The Russians did not kill 115 hostages. They saved 600.

Posted by Registered Independent Joel on October 30, 2002 10:03 AM

Let's see: The Chechens were possibly planning to kill everybody, therefore there's no room to criticize the Russians for so horribly botching the "rescue"?

I'm not arguing that they shouldn't have gone into the theater. I'm arguing that they should have had a better plan -- that they might, for example, have paid attention to the effects of the gas within a confined space.

More to the point, I was making a comparison to other ways the war on terror might go wrong -- most obviously, that there might be similarly nasty consequences to a war with Iraq, even though there's no moral equivalence between Bush and Hussein. Dividing the world into good guys and bad guys won't give you all the answers that you need, because even good guys can make terrible mistakes.

Posted by Jesse Walker on October 30, 2002 10:21 AM

If you wish to convince someone of the validity of your views you must first treat that person with respect.

Your say in your post and subsequent comment that the Moscow raid should open the eyes of war advocates since it demonstrates that things may go wrong. Do you honestly think that war proponents ignore or have no understanding of the possibility that the war may fail catastrophically? Do you think the Moscow raid will cause them to slap their foreheads and exclaim, "Shazzam! Someone could get hurt over there in Iraq!"

You cannot convince with condescension.

Posted by Shannon Love on October 30, 2002 12:21 PM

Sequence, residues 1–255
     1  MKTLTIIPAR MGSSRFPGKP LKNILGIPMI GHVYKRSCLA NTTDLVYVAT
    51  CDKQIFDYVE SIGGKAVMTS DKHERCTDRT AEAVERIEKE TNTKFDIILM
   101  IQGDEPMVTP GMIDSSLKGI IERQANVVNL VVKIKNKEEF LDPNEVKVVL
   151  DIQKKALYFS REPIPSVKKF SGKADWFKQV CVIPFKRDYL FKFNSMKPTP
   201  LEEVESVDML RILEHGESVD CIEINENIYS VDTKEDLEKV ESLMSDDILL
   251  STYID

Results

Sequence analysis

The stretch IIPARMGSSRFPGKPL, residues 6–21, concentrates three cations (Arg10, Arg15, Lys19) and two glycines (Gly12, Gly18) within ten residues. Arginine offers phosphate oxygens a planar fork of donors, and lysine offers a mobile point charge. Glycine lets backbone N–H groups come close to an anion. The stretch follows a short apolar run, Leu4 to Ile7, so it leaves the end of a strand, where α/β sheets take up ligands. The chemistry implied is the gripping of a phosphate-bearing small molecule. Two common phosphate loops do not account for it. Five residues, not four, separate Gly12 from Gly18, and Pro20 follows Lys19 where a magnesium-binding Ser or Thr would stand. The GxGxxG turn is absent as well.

Yeah, actually, I do think that many "war proponents ignore or have no understanding of the possibility that the war may fail catastrophically," just as many war opponents pay too little attention to the mischief that Saddam could conceivably cause. If you're pro-war and you understand the risks and trade-offs of invading Iraq, then you shouldn't feel like I was condescending to you; you should feel like you agree with what I wrote.

The Moscow raid is a perfect example of how an action against terrorists (or other threats) can backfire. It also shows the limits of the "moral equivalence" cliché. I wrote my little squib because I thought those were points worth making, not because I thought my five measly paragraphs were going to reverse the entire direction of someone's thinking on the war.

Posted by Jesse Walker on October 30, 2002 12:44 PM

Indeed, the road to hell is paved with good intentions, and yes, any sort of military action can have unintended and terrible consequences. At the same time, NOT taking military action can also have unintended and terrible consequences. And just as you hope the pro-war people understand this point, I too hope that the anti-war people understand it as well.